Anti-SARS-CoV-2 Spike RBD (Clone: 2196)
Anti-SARS-CoV-2 Spike RBD (Clone: 2196)
Product No.: LT8000
Formats AvailableView All
Recombinant Monoclonal Antibody
COV2-2196, SARS-CoV-2 Spike RBD Antibody, Receptor Binding Domain Antibody
Sequenced from human survivors of COVID-19 (SARS-CoV-2)
≥ 5.0 mg/ml
< 1.0 EU/mg as determined by the LAL method
≥95% monomer by analytical SEC
This recombinant monoclonal antibody is aseptically packaged and formulated in 0.01 M phosphate buffered saline (150 mM NaCl) PBS pH 7.2 - 7.4 with no carrier protein, potassium, calcium or preservatives added. Due to inherent biochemical properties of antibodies, certain products may be prone to precipitation over time. Precipitation may be removed by aseptic centrifugation and/or filtration.
Recombinant antibodies are manufactured in an animal free facility using only in vitro protein free cell culture techniques and are purified by a multi-step process including the use of protein A or G to assure extremely low levels of endotoxins, leachable protein A or aggregates.
Storage and Handling
Functional grade preclinical antibodies may be stored sterile as received at 2-8°C for up to one month. For longer term storage, aseptically aliquot in working volumes without diluting and store at -80°C. Avoid Repeated Freeze Thaw Cycles.
Country of Origin
Standard Overnight on Blue Ice.
Applications and Recommended Usage?
Quality Tested by Leinco
Each investigator should determine their own optimal working dilution for specific applications. See directions on lot specific datasheets, as information may periodically change.
Anti-SARS-CoV-2 Spike RBD, clone 2196, specifically targets an epitope on the SARS-CoV-2 spike protein receptor-binding domain (RBD).
The spike RBD is expressed on the surface of SARS-CoV-2.
Severe acute respiratory syndrome coronavirus 2 (SARS-CoV-2), the causative agent of coronavirus disease 2019 (COVID-19), is an enveloped, single-stranded, positive-sense RNA virus that belongs to the Coronaviridae family 1. The SARS-CoV-2 genome, which shares 79.6% identity with SARS-CoV, encodes four essential structural proteins: the spike (S), envelope (E), membrane (M), and nucleocapsid protein (N) 2. The S protein is a transmembrane, homotrimeric, class I fusion glycoprotein that mediates viral attachment, fusion, and entry into host cells 3. Each ~180 kDa monomer contains two functional subunits, S1 (~700 a.a) and S2 (~600 a.a), that mediate viral attachment and membrane fusion, respectively. S1 contains two major domains, the N-terminal (NTD) and C-terminal domains (CTD). The CTD contains the receptor-binding domain (RBD), which binds to the angiotensin-converting enzyme 2 (ACE2) receptor on host cells 3-5. Although both SARS-CoV and SARS-CoV-2 bind the ACE2 receptor, the RBDs only share ~73% amino acid identity, and the SARS-CoV-2 RBD binds with a higher affinity compared to SARS-CoV 3, 6. The RBD is dynamic and undergoes hinge-like conformational changes, referred to as the “down” or “up” conformations, which hide or expose the receptor-binding motifs, respectively 7. Following receptor binding, S1 destabilizes, and TMPRSS2 cleaves S2, which undergoes a pre- to post-fusion conformation transition, allowing for membrane fusion 8, 9.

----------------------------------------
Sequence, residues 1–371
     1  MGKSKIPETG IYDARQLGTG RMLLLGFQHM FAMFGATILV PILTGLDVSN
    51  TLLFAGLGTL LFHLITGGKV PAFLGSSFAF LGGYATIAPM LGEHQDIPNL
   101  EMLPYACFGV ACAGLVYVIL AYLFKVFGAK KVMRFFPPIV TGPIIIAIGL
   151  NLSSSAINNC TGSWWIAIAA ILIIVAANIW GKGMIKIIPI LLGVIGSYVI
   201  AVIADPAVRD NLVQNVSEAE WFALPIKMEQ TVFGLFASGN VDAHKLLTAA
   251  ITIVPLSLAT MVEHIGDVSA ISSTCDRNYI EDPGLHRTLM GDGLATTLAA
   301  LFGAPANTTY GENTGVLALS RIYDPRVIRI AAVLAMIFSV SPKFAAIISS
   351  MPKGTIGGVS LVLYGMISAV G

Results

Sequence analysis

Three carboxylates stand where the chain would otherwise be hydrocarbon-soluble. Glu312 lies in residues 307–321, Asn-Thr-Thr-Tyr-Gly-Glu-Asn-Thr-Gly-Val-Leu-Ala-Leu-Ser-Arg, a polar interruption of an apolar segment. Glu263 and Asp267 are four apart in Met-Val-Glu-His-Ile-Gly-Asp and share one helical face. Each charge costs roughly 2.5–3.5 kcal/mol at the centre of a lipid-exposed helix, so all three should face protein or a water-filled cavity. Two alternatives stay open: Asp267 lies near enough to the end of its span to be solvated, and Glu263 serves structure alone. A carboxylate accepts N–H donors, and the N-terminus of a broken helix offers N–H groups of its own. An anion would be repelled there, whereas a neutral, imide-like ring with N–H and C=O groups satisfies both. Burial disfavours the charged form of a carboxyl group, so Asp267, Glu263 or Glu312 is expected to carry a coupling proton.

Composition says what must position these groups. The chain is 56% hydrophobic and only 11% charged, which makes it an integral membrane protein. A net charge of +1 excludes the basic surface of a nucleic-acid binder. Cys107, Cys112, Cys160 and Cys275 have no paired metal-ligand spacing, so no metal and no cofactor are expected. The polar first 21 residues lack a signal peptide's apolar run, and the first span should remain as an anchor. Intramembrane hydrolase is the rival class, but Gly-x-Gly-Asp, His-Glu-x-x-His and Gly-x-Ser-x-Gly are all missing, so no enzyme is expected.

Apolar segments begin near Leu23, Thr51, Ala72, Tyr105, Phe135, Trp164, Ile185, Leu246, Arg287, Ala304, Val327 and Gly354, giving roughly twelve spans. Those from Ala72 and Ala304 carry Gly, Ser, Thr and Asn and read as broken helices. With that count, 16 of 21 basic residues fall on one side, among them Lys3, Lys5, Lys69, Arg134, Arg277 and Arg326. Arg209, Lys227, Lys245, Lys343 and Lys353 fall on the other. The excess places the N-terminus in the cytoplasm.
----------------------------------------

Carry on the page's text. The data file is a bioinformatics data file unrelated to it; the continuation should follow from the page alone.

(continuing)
Monoclonal RBD-specific antibodies can block ACE2 binding 10, 11, and anti-RBD neutralizing antibodies are present in the sera of convalescent COVID19 patients 12, identifying the RBD as an attractive candidate for vaccines and therapeutics. In addition, the RBD is poorly conserved, making it a promising antigen for diagnostic tests 13 14. Serologic tests for the RBD are highly sensitive and specific for detecting SARS-CoV-2 antibodies in COVID19 patients 13 15. Furthermore, the levels of anti-RBD antibodies correlated with SARS-CoV-2 neutralizing antibodies, suggesting the RBD could be used to predict an individual's risk of disease 13.
References & Citations
1. Zhou, P., Yang, X., Wang, X. et al. Nature 579, 270–273. 2020.
2. Wu, F., Zhao, S., Yu, B. et al. Nature 579, 265–269. 2020.
3. Wrapp D, Wang N, Corbett KS, et al. bioRxiv. 2020.02.11.944462. 2020.
4. Walls AC, Park YJ, Tortorici MA, Wall A, McGuire AT, Veesler D. Cell. 181(2):281-292.e6. 2020.
5. Li W, Zhang C, Sui J, et al. EMBO J. 24(8):1634-1643. 2005.
6. Shang, J., Ye, G., Shi, K. et al. Nature 581, 221–224. 2020.
7. Gui M, Song W, Zhou H, et al. Cell Res. 27(1):119-129. 2017.
8. Walls AC, Tortorici MA, Snijder J, et al. Proc Natl Acad Sci U S A. 114(42):11157-11162. 2017.
9. Hoffmann M, Kleine-Weber H, Schroeder S, et al. Cell. 181(2):271-280.e8. 2020.
10. Huo J, Zhao Y, Ren J, et al. Cell Host Microbe. S1931-3128(20)30351-6. 2020.
11. Tai, W., He, L., Zhang, X. et al. Cell Mol Immunol 17, 613–620. 2020.
12. Cao Y, Su B, Guo X, et al. Cell. 182(1):73-84.e16. 2020.
13. Premkumar L, Segovia-Chumbez B, Jadi R, et al. medRxiv; 2020.
14. Quinlan BD, Mou H, Zhang L, et al. bioRxiv; 2020.
15. Olba NM, Muller MA, Li W, et al. medRxiv; 2020.
16. Chen RE, Winkler ES, Case JB, et al. Nature; 2021.
Products are for research use only. Not for use in diagnostic or therapeutic procedures.